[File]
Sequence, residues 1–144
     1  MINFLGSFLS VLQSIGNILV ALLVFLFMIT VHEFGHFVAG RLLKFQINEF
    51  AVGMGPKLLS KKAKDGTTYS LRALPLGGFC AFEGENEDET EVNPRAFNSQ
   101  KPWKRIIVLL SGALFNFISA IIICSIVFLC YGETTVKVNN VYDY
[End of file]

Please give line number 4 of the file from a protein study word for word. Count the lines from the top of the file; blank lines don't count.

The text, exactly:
   101  KPWKRIIVLL SGALFNFISA IIICSIVFLC YGETTVKVNN VYDY